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“Leda, has it crossed your mind that this could all be your fault?” he asked her in his characteristic manner. “Billy, how could this possibly be my fault?” Leda asked, incredulous. “Look, you’ve made out a will that designates your husband as the sole beneficiary. You also have a life insurance policy from which your husband stands to receive a lot of money, should anything happen to you—knock on wood,” Billy said, rapping his hand on the chair’s wooden arm. “Come on now! First of all how the hell do you know all those things about me?” Leda asked, confused. “Me? Honey, it’s all over the newspapers,” he said, handing her a folder newspaper, pointing to the exact spot for her to read. “Your mummy granted interviews to all the journalists,” Billy told her teasingly. “My mother? What does my mother have to do with this?” Leda asked, grabbing the paper. “Just look. It leaked out that your husband was having financial trouble and the gossip mill started. Don’t you get it?” “Billy, what the hell are you implying?” Leda asked, thwacking the paper against the back of his chair, making him cry out in surprise. “Do you think that Tasos wants to kill me to get out of debt?” she asked angrily. “Look, that’s just what people are saying . . .” he said, dismayed. “How is this fault?” “He chased after the thief or the murderer or whatever the intruder was and ended up injured with a burnt car. How do you explain that if you think he’s my potential murderer?” asked Leda with intensity. “Come on honey . . . He could have put the burglar up to the whole thing. It seems like a set-up to me.”

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“And how do you explain the headset and the wine glass with the sleeping pill in it? Did he plan the set-up to incriminate himself?” “I don’t know. Don’t ask me difficult questions please, Leda my dear,” Billy said as he grabbed his drink and headed towards the kitchen.

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The following afternoon Leda picked up her mail from the box on the way up to her apartment. She flipped through the envelopes in the elevator. One stood out because it was addressed to her but there was no return address. She hastily tore it open. Inside she found a letter, written in a calligraphic script, but printed on a computer. She slipped her bag off her shoulder and sat down on the sofa to read the letter. To the woman of my dreams, I call you this, my dearest Leda, because I know that you’ll end up in my embrace one day. Sex means nothing without love, which is why you wouldn’t remember anything about me, because you have never fallen in love with me. I, however, only have to hear the sound of your voice for my mind to be filled with erotic fantasies about you. I’ve spent many nights, alone, thinking about all the moments we’ve already lost together. However, I and only I will be your last gem that will complete the tattoo on your throat which symbolizes the summation of your male conquests. I know your every secret, even about the bullet which you have tattooed on a concealed 293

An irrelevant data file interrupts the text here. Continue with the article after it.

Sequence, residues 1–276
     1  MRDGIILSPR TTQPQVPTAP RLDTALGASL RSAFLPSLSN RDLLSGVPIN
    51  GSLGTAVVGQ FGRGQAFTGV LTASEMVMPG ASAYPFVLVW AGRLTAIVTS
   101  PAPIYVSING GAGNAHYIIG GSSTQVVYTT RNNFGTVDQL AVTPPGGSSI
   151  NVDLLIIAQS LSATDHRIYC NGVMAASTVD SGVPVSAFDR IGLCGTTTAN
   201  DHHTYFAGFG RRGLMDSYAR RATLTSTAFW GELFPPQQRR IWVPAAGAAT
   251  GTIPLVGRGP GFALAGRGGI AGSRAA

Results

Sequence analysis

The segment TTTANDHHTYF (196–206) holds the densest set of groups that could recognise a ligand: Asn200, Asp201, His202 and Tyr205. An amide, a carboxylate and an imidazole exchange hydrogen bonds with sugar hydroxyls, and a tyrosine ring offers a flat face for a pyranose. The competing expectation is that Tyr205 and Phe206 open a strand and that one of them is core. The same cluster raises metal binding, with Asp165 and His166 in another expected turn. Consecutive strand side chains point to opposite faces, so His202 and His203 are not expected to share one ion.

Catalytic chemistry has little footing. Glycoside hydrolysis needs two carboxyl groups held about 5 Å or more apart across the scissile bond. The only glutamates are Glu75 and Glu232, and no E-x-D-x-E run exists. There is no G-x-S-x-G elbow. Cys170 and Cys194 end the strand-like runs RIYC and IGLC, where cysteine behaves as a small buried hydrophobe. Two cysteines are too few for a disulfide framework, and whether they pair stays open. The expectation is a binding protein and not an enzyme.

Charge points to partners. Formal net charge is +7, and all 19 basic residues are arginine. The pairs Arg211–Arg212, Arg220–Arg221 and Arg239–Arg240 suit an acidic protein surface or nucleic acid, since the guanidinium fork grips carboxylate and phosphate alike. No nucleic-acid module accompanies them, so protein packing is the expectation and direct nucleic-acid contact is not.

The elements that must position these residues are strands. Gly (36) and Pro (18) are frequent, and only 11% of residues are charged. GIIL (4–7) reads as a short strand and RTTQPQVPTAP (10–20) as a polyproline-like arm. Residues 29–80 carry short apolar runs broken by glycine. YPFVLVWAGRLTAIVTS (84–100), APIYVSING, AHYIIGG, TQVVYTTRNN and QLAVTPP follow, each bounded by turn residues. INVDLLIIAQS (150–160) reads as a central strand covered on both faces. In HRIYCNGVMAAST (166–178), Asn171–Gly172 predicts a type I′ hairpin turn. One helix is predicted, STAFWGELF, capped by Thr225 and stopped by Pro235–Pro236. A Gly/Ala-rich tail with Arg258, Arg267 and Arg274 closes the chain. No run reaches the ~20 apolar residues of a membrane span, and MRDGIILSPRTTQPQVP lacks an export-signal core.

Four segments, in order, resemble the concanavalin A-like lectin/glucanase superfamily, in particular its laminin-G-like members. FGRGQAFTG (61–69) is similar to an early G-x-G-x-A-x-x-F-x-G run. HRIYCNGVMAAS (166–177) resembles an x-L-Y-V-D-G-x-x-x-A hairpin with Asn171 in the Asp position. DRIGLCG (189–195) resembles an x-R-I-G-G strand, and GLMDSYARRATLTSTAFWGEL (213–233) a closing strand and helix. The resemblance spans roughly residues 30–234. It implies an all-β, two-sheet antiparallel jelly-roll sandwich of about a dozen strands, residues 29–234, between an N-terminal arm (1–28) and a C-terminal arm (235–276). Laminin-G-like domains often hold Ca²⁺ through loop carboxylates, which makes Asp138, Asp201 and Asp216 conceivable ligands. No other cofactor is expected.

Why part of your body, which you are saving for the man who violates your womanhood. Of course, you haven’t had to use it just yet. I even know why you haven’t: because it’s not worth it! It’s not worth wasting a bullet from the pistol your father left you—especially not for the man that you have chosen to stand by your side and who corrupts your exquisite body. It would have been better if his car had crushed him in the recent events while he was pretending to protect you from a thief. I’ll prove to you, yet again, that he is not worthy of your love and I am. I have in my possession a few pictures of your beloved husband in the arms of his assistant and mistress, Mary Hatziskou. She’s that friend of yours from London. It was you who helped her get a job at his office. Some of the photographs show them making love in a hotel, and others show them having a coffee together in a remote little coffee shop in the center of Athens and on the beach. Here’s a little glimpse into one of their romantic trysts (A photograph of two lovers in bed followed; their heads had been cropped out of the picture which also didn’t reveal any distinguishing features). You haven’t realized what is going on behind your back. Your husband isn’t bankrupt; he simply found a way to transfer his money into international accounts, in preparation for running off with his mistress after he succeeds in killing you and taking your money as well. I want to ask you to do me a favor which I know you’ll 294